Positive education

Positive education

For many years now, dog trainers have been promoting a different form of education than the traditional (or coercive) one, the positive education.

But why change an education that is several hundred years old? Well, like everything else, we evolve. The place of the dog and the vision we have of him have changed. From a scientific point of view, studies and statistics have also helped us to better understand our four-legged friend. Moreover, legally, coercive training is forbidden in Switzerland since 2008.

The Dog Educator Roxane Fumeaux from Déclic Canin gives us some interesting information:

A dog trained with coercive methods will statistically have more health problems and a shorter lifetime.  In addition, a dog that is given the opportunity to make choices in its daily life will be more balanced and less stressed.

Indeed, when we talk about traditional education, we mention the notion of dominant (=man)/dominated (=dog). The well-being of the dog is not much, or not at all, taken into consideration and punishment and reprimand have a big place in this training.

Positive education, on the other hand, is based on motivation (= reward), respect for the animal (= no mistreatment and trying to understand the dog according to its sensitivity, its character, its mood, etc.) and the search for a relational balance between man and dog.

The detractors will say: "The dog has no limits" or "The dogs will become obese with all these treats".

So no, in positive education, there are of course rules. The difference is in how you manage them. And, regarding treats, you just need to have a good management of them. For example, take treats that are not too high in calories or reduce the ration of kibble if necessary. But what you should also know is that the reward is not necessarily food. It's more about what your dog likes and the situation. It can be his favorite toy, simple cuddles or even letting him smell something.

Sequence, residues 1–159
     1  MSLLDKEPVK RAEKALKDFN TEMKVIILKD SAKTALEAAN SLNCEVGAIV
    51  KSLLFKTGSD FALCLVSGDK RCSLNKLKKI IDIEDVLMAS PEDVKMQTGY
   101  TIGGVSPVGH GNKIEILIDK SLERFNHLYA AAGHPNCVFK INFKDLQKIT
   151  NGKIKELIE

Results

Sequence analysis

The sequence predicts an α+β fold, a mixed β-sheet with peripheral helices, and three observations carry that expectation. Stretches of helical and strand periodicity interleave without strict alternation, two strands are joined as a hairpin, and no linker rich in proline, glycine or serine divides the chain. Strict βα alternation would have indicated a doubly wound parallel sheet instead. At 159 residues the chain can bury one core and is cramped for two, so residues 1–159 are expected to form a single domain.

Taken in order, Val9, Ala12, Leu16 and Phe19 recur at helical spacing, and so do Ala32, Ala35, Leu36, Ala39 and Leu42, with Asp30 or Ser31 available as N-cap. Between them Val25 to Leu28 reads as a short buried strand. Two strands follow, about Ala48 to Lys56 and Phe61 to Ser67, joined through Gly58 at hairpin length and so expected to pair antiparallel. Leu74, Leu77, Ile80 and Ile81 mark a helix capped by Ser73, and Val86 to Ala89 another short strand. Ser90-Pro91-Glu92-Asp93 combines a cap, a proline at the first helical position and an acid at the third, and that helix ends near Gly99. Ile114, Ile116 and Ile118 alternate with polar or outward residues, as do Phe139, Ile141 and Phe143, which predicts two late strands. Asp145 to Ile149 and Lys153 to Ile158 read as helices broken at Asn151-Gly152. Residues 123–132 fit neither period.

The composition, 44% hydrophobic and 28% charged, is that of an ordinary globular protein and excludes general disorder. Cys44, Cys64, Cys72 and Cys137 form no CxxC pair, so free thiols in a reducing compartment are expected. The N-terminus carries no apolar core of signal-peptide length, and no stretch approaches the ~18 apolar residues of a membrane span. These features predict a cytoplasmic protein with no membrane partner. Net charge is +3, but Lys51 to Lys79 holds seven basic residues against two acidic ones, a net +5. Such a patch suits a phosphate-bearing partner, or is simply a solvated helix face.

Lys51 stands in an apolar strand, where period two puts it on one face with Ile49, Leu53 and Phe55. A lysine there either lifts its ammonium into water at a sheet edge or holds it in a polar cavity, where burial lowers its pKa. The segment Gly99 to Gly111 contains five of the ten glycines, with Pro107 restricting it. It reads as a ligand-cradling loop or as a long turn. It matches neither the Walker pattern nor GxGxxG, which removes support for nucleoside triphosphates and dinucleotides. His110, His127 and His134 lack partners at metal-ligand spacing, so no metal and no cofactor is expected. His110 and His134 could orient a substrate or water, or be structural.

Here is an example so that you can better understand this method:

  • If your dog pulls on the leash during a walk, the simple act of stopping will reduce the pulling behavior because the dog understands that keeping the leash loose is what keeps him going. And when he doesn't pull on the leash or, even better, when he keeps a certain attention on you by looking at you from time to time, a reward will be given to value this behavior.

This approach is based on the principle that the more your dog enjoys interacting with you, the more he will be willing to learn.

So if you agree with this logic, this method is for you! 😊 But one thing is for sure, you have to educate your dog. The SAP (Swiss Animal Protection) says this: "The origin of undesirable behaviors is usually the fault of the owner and not the dog." A dog, not or badly educated, will statistically have more risk to cause incidents.

So don't forget, it's never too late to educate your dog! 😉